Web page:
Onlookers, some clutching small U.S. flags, arrived early Sept. 7 at Anacortes Airport to witness the arrival of about 100 National Guard troops and the two Chinook helicopters that would carry them to Joint Base Lewis McChord for combat training.
Soldiers from throughout the state had gathered the night before and slept in the National Guard armory on M Avenue. Troops arrived at the airport and, later, the thump-thump-thump in the distant sky signaled the approach of the Chinooks.
Whidbey Island has the naval air station and the Growlers; Anacortes has an armory, an army of citizen soldiers and, for the day, military helicopters that can each carry 52 troops, lift up to 26,000 pounds and fly almost 200 mph.
“It’s an honor to serve your country,” said Annabelle Fox of Anacortes, who watched the scene with her Navy veteran husband, Brad. “It’s important for people that are civilians to realize there are a lot of people every day that put their lives on the line for our country, and we need to honor that.”
The gathering gave those in attendance the opportunity to get closer to a military operation than they normally would elsewhere and to meet some of the soldiers. After the helicopters landed, residents could get close and take photographs. They watched troops practice boarding and disembarking the helicopters. They watched troops practice getting into combat-ready positions.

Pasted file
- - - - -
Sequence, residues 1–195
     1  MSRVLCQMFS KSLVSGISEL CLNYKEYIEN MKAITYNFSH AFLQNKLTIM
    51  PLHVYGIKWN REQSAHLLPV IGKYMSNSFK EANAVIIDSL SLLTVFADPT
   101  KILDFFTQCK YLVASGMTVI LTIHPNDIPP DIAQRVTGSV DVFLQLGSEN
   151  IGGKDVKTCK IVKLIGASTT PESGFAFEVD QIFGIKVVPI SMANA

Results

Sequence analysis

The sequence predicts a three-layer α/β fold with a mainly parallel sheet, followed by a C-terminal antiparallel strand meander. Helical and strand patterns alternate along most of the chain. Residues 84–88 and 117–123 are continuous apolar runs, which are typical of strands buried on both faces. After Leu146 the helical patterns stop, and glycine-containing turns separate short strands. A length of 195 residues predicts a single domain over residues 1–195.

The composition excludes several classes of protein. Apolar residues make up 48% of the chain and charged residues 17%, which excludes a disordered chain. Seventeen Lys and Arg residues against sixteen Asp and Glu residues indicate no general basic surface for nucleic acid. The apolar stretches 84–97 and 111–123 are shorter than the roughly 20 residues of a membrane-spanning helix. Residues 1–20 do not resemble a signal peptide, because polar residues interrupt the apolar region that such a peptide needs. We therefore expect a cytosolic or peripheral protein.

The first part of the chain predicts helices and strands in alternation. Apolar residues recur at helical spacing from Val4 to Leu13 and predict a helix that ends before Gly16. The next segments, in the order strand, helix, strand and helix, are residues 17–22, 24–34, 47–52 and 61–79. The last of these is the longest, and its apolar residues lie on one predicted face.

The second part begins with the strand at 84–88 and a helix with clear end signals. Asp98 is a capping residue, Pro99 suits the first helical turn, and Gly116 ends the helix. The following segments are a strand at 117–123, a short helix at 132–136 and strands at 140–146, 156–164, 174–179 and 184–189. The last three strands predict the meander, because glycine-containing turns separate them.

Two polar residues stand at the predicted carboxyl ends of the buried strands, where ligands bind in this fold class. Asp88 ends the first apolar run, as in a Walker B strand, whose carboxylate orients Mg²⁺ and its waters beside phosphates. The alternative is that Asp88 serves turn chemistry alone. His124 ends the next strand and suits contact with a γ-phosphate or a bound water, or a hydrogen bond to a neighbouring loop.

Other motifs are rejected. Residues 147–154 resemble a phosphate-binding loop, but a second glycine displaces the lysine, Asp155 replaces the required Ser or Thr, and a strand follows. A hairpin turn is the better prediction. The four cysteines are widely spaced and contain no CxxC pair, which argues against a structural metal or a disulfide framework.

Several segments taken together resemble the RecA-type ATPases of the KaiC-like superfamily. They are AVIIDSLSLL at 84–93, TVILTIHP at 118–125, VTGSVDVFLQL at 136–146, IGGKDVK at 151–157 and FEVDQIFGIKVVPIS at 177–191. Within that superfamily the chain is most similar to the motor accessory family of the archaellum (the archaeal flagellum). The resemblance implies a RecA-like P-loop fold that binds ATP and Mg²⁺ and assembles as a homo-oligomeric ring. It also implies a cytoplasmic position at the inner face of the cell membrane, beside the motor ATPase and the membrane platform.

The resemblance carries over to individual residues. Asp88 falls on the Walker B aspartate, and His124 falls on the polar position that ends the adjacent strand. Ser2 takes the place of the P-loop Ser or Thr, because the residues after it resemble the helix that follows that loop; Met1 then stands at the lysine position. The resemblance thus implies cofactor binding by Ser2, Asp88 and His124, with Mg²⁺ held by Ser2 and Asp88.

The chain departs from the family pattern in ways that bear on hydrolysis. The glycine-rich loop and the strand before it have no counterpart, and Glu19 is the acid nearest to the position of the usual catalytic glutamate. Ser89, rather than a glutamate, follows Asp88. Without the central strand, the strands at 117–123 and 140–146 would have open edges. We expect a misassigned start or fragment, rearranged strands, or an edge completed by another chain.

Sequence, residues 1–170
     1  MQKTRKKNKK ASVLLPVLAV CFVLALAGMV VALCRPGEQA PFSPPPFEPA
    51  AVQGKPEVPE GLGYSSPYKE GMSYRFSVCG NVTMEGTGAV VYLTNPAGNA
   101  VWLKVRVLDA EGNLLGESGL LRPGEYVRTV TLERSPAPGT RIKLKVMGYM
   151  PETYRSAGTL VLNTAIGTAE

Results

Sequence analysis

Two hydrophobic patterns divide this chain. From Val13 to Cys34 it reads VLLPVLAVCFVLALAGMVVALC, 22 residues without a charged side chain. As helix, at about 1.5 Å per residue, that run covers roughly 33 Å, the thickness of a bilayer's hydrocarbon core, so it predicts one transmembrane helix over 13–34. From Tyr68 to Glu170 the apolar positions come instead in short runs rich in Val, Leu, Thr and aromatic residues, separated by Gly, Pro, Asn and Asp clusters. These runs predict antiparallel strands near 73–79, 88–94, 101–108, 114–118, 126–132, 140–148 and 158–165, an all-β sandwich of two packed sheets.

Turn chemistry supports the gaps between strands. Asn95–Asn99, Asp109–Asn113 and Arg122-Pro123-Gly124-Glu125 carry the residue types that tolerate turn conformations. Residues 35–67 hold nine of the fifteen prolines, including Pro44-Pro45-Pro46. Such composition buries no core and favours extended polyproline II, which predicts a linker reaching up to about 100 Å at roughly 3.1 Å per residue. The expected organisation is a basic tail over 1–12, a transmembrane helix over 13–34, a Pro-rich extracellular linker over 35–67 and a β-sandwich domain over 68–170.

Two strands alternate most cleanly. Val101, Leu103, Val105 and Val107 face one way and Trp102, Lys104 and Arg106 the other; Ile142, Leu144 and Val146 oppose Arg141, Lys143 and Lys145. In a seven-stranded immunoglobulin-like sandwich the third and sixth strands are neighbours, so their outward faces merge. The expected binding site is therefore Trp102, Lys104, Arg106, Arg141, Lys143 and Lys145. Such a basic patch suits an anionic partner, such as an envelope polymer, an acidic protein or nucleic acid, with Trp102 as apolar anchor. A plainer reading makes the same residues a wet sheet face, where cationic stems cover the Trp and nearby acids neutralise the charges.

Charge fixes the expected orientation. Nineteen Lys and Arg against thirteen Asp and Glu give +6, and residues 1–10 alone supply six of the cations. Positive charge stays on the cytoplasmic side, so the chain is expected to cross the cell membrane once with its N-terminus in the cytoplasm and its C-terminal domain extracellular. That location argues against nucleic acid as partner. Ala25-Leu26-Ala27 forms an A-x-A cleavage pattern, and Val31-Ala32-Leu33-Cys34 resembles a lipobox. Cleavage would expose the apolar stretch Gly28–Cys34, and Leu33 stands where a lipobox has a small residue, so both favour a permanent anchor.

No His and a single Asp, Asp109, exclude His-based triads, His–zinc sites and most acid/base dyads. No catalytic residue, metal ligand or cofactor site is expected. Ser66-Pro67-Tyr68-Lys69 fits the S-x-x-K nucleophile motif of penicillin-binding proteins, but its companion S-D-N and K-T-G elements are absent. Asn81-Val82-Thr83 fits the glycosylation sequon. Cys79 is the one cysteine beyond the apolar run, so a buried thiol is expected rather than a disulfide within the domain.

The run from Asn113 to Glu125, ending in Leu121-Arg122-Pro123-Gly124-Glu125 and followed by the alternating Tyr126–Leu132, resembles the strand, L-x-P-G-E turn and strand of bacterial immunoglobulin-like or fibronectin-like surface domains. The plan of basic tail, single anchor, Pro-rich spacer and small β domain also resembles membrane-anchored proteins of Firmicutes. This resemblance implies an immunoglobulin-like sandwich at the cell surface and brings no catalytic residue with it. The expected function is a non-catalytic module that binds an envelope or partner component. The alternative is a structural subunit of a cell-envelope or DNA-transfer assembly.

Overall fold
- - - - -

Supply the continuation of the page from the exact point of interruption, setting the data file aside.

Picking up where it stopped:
Eric Mithen of Anacortes brought his two young sons, John and Charles, to watch. It was the first time he’d seen Chinooks land in Anacortes.
“I’m an Army brat,” he said. “I was raised on Army bases from Fort Ord, California to Frankfurt — West Germany at the time — so I’m no stranger to seeing helicopters go up and down. But it’s still fun, even at age 47.”
For the curious, it was also an opportunity to learn about the history and complexities of the Army National Guard, which has been described as America’s first line of defense. The Guard’s citizen soldiers commit to combat-readiness training and, when ordered, serve in combat missions. They also assist in areas hit by natural disasters and enforcing counter-drug efforts.
Only a few have full-time jobs with the Guard. Most have regular civilian jobs and drill with their unit once a month.
Greg Latta, a retired Army National Guard first sergeant and combat engineer, was there to open the airport gates and welcome the troops with fresh doughnuts purchased by his employer, Quantum Construction. Latta served with many of the troops arriving that day.
“They’re truly citizen soldiers,” he said. “They deploy to state emergencies, fires and floods. They can also be activated by the president of the United States or Department of Defense to actually go on active duty and serve alongside their active- duty counterparts. … They augment the active-duty military.”
Latta served during the Vietnam War and was out of the military for 21 years working as a construction supervisor. Then, his oldest son joined the National Guard “and I found out I had a three-month window that I could go back in, so I did,” he said.
Latta and his son both saw combat in Iraq in 2004-05. “I had to put him in harm’s way a couple of times,” he said. “But it was nice at Christmas time and the holidays” because they were together.
However, Latta added, “His mom didn’t like it.”